Young Brazilian businessman Marcos Caldeira is filled with anticipation as the 2017 BRICS Leaders Summit draws near.
Caldeira runs a marble business in China and knows how important the country's ties are with the Latin American nation.
"The BRICS Summit will further strengthen trade between Brazil and China and is a great opportunity for me to expand my business," he said about next month's summit.
Caldeira came to Xiamen City in east China's Fujian Province from Vitoria in eastern Brazil two and a half years ago to learn Mandarin.
He found the Chinese coastal city very familiar since it is similar in climate and environment to his hometown.
Inspired by the pro-business environment in the city, Caldeira soon started his own business for exporting Chinese stone products to South America.
Xiamen, a major trade port in Chinese history, is China's largest stone import center, while Brazil is a major stone exporter. But Caldeira imports processed marble products from Xiamen, and sells them to Brazil and other overseas markets.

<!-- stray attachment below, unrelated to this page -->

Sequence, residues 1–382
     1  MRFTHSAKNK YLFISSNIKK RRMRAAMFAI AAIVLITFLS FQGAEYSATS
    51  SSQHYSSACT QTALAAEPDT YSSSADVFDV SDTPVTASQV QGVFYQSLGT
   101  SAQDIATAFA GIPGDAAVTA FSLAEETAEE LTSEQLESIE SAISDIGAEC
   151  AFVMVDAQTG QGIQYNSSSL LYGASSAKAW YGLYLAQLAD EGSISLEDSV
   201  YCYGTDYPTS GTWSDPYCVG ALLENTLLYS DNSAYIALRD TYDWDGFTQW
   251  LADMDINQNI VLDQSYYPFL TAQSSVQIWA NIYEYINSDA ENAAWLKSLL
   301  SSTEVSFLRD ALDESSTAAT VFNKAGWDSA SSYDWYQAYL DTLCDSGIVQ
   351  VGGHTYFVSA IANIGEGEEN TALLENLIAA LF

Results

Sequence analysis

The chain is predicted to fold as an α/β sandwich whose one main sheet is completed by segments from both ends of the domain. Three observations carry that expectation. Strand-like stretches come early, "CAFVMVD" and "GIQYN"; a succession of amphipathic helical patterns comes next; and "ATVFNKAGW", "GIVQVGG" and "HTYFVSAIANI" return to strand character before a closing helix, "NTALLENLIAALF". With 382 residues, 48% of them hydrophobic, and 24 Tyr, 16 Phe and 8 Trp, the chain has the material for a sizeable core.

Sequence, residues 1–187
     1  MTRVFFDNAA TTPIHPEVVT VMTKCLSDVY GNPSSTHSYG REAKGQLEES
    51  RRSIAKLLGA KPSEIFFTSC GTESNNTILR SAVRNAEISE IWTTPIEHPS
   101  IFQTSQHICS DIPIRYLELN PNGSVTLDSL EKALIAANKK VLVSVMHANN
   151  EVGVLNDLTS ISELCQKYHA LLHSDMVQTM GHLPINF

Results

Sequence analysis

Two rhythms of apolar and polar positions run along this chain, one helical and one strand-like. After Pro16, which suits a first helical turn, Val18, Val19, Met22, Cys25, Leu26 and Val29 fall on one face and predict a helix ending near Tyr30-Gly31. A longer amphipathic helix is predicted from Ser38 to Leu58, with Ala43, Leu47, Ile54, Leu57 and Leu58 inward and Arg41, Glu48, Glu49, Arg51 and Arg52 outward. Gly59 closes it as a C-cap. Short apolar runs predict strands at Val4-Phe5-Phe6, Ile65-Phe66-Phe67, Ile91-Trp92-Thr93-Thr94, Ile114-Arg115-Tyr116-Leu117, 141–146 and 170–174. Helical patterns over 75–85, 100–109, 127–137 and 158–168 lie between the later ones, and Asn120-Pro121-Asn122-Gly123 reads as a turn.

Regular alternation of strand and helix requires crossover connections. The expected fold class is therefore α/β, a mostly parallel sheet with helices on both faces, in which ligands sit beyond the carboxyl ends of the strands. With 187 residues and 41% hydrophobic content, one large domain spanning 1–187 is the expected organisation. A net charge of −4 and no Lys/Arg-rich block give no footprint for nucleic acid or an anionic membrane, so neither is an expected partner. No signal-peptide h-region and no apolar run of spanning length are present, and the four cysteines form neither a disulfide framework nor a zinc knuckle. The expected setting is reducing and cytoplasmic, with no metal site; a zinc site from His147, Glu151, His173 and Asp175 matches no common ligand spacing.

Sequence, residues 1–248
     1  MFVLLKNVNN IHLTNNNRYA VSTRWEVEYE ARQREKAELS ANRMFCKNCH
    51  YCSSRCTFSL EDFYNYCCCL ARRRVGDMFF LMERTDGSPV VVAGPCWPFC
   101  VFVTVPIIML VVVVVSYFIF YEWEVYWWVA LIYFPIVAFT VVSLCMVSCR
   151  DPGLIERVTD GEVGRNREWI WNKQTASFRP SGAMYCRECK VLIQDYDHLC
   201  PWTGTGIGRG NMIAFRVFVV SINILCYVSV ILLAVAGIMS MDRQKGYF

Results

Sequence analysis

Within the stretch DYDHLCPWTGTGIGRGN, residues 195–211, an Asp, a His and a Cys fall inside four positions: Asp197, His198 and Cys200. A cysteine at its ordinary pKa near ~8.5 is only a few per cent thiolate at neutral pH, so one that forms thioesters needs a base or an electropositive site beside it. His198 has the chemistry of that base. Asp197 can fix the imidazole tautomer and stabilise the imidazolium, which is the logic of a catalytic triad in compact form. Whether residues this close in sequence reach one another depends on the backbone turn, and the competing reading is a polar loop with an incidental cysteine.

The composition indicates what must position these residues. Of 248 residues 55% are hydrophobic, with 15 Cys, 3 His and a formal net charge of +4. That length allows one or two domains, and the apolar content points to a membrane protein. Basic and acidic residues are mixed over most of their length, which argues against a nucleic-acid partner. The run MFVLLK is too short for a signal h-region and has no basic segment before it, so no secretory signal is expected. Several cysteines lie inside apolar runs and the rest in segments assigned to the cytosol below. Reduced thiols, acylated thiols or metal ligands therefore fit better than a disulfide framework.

"Brazil is rich in stone, but the prices are high. The quality of China's artificial stone is very good and much cheaper, and is very popular in Brazil," he said.
In only two years, Caldeira's business has grown into one of the largest companies in China that export marble to Brazil. Its export value reached more than $10 million in 2016.
The BRICS countries - Brazil, Russia, India, China and South Africa - have become a major driving force in the global economy. With 44 percent of the world's population, the five account for nearly one-quarter of global economic output and half of the world's economic growth.
Caldeira said the BRICS countries are playing an increasingly important role in trade, not only driving regional growth but also helping to lift the global economy.
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